Tuesday, 21 October 2014

New Insight Into The Feeding Habits Of Jurassic Dinosaurs

Some forests today bear similarities to their Jurassic forebears
The giant sauropods which characterised the Jurassic period were little more than vast eating machines, designed to process tonnes of plant matter every day to meet their massive energy needs.

Leaves and shoots are notoriously poor nutrition, which is why cows spend most of their day eating. They have no less than four bacteria-filled stomachs to break down grass and will regurgitate the partially digested pulp in 'chewing the cud.' The sauropods, weighing tens of tonnes, would have needed an even greater proportion of food daily.

The forests of the Jurassic Earth were extensive. Yet how could so many different species of herbivorous dinosaurs, living in large herds, coexist, particularly with such phenomenal dietary requirements? Competition would have been rife. This issue confounded the reconstruction of Mesozoic ecosystems until recently through a joint piece of research by the University of Bristol and the Natural History Museum, London. By calculating biomechanical constraints on the skulls of different sauropod species, it was found that different species selected different plants as food.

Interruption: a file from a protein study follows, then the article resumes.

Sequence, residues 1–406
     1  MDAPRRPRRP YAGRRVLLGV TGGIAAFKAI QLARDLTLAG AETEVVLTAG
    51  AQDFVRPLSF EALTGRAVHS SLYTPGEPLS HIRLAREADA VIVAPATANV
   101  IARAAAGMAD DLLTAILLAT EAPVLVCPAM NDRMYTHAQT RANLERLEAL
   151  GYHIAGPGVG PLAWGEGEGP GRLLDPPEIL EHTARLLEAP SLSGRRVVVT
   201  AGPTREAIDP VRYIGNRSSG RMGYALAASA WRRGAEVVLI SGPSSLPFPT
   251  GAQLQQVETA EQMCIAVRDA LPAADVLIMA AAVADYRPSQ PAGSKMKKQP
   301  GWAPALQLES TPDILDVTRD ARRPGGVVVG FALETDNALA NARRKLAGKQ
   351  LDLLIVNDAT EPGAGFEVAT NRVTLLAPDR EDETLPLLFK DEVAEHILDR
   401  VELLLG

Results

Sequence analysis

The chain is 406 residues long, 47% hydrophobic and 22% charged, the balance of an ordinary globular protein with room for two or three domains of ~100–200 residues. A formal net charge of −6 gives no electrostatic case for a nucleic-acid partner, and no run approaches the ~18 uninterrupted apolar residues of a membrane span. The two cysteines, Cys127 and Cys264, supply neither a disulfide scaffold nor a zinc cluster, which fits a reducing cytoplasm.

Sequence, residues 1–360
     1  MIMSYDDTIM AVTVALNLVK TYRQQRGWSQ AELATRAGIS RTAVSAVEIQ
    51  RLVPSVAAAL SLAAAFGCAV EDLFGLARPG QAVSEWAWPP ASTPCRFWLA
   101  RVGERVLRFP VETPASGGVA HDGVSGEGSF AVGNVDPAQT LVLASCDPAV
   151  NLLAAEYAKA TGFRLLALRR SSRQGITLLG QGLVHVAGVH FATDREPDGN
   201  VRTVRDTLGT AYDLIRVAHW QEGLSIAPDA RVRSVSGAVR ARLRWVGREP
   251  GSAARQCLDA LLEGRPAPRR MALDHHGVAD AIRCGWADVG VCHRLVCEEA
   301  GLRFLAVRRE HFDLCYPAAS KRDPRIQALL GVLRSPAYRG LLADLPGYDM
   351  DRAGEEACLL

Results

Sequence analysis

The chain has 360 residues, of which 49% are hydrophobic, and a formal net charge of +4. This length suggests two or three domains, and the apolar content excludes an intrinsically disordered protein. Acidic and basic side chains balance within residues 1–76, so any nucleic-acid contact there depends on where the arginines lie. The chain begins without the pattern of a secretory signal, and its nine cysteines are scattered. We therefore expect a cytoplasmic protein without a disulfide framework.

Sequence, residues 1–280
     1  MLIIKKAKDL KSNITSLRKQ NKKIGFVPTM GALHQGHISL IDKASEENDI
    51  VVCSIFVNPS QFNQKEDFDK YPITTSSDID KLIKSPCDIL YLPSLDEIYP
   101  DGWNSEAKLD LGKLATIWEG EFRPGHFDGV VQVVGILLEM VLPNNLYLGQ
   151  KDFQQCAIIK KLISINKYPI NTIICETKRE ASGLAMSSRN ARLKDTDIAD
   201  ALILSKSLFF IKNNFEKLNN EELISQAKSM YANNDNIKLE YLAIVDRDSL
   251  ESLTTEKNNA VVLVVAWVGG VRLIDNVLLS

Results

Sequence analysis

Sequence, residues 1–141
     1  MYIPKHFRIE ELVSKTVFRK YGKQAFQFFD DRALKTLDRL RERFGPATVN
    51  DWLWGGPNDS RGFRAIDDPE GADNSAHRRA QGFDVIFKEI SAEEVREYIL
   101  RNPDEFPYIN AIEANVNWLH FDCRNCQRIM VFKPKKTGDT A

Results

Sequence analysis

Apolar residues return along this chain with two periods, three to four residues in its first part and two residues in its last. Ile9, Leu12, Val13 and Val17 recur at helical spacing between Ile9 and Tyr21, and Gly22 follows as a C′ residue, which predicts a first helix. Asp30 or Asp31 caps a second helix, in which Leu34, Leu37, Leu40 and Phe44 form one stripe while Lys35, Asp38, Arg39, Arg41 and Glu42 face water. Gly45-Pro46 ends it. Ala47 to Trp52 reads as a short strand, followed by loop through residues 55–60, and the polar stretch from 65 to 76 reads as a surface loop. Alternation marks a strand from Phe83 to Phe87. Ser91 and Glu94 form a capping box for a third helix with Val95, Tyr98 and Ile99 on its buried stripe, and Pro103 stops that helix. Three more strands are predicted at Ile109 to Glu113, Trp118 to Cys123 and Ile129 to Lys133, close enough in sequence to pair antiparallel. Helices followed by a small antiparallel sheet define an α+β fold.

The CT scan of Camarasaurus
Using CT scans of the skulls and dentition of Diplodocus and Camarasaurus, using fossils from the Morrison Formation in the western United States, the researchers reconstructed the jaw and facial muscles of both species. By combining these details with an analysis technique known as Finite Element Analysis (FEA), they were able to calculate the kind of stresses the jaws would have been able to apply and what strain the overall skull would have been under when biting. Their findings revealed an intriguing difference between the biomechanical constraints of the two species.

'Our results show that although neither could chew, the skulls of both dinosaurs were sophisticated cropping tools,' said David Button from Bristol's School of Earth Science. 'Camarasaurus had a robust skull and strong bite, which would have allowed it to feed on tough leaves and branches. Meanwhile, the weaker bite and more delicate skull of Diplodocus would have restricted it to softer foods like ferns. However, Diplodocus could also have used its strong neck muscles to help it detach plant material through movements of the head. This indicates differences in diet between the two dinosaurs, which would have allowed them to coexist.'

'In modern animal communities differences in diet such as this - termed 'dietary niche partitioning' - allow multiple similar species to coexist by reducing competition for food,' added Professor Emily Rayfield also from The University of Bristol. 'Although, dietary niche partitioning has been suspected between Morrison Formation sauropods based on their structural features and patterns of tooth-wear, this is the first study to provide strong, numerical, biomechanical evidence for its presence in this fossil community.'

The struggle for food drives many interactions in ecosystems across the globe. In modern examples we can study and test to see which factors determine how species can coexist in the same habitat. Ancient ecosystems are more of a challenge, yet slowly we are piecing together the fragments of these lost, fascinating worlds.